Self-Compassion as a prospective predictor of PTSD symptom severity among trauma-exposed U.S. Iraq and Afghanistan war veterans.

Published

Journal Article

U.S. combat veterans of the Iraq and Afghanistan wars have elevated rates of posttraumatic stress disorder (PTSD) compared to the general population. Self-compassion, characterized by self-kindness, a sense of common humanity when faced with suffering, and mindful awareness of suffering, is a potentially modifiable factor implicated in the development and maintenance of PTSD. We examined the concurrent and prospective relationship between self-compassion and PTSD symptom severity after accounting for level of combat exposure and baseline PTSD severity in 115 Iraq and Afghanistan war veterans exposed to 1 or more traumatic events during deployment. PTSD symptoms were assessed using the Clinician Administered PTSD Scale for DSM-IV (CAPS-IV) at baseline and 12 months (n =101). Self-compassion and combat exposure were assessed at baseline via self-report. Self-compassion was associated with baseline PTSD symptoms after accounting for combat exposure (β = -.59; p < .001; ΔR(2) = .34; f(2) = .67; large effect) and predicted 12-month PTSD symptom severity after accounting for combat exposure and baseline PTSD severity (β = -.24; p = .008; ΔR(2) = .03; f(2) = .08; small effect). Findings suggest that interventions that increase self-compassion may be beneficial for treating chronic PTSD symptoms among some Iraq and Afghanistan war veterans.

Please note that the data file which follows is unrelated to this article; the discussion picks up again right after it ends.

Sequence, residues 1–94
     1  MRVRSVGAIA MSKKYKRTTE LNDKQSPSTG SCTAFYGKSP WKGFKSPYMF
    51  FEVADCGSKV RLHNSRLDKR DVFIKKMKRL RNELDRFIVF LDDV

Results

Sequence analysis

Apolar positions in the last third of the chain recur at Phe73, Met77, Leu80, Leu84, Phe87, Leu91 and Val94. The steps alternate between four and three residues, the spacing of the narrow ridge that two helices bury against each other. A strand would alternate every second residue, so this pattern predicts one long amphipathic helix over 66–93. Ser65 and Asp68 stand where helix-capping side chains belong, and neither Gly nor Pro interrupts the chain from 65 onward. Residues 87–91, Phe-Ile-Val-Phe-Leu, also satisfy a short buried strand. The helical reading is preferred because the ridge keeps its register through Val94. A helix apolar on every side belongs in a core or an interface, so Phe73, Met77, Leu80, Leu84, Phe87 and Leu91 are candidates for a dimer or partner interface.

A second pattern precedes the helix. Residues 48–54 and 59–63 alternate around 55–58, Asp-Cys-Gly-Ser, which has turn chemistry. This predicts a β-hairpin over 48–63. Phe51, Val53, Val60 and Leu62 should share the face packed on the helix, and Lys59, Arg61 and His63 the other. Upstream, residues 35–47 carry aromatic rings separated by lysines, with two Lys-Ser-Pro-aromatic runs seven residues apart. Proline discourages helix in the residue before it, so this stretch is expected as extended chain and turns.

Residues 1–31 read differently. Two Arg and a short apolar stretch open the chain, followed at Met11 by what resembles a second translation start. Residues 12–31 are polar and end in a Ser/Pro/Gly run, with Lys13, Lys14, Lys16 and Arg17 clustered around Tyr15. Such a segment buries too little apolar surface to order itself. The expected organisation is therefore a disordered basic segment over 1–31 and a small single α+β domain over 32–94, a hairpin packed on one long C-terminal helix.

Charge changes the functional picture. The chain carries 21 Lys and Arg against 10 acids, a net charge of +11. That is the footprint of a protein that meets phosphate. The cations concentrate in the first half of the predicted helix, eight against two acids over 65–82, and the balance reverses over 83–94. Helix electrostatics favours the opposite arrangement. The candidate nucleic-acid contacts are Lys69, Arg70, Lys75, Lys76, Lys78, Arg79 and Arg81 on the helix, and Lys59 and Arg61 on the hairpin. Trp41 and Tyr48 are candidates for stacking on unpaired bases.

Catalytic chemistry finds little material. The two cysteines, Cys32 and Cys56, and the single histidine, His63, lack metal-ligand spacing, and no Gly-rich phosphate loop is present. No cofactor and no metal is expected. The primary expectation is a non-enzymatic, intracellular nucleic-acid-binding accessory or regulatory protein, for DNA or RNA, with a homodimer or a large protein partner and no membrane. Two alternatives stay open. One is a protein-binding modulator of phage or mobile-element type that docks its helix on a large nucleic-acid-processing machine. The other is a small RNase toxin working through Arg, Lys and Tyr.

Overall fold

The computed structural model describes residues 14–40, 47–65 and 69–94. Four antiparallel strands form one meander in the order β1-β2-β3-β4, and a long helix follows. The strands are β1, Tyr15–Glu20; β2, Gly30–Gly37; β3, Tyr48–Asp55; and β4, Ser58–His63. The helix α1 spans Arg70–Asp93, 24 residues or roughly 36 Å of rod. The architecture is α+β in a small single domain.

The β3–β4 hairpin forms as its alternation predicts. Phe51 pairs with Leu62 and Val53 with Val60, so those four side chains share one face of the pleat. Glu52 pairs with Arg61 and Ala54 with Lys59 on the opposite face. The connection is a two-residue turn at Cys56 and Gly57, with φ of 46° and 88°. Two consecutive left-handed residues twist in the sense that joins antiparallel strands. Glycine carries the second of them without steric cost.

Full Text

Duke Authors

Cited Authors

  • Hiraoka, R; Meyer, EC; Kimbrel, NA; DeBeer, BB; Gulliver, SB; Morissette, SB

Published Date

  • April 2015

Published In

Volume / Issue

  • 28 / 2

Start / End Page

  • 127 - 133

PubMed ID

  • 25808565

Pubmed Central ID

  • 25808565

Electronic International Standard Serial Number (EISSN)

  • 1573-6598

Digital Object Identifier (DOI)

  • 10.1002/jts.21995

Language

  • eng

Conference Location

  • United States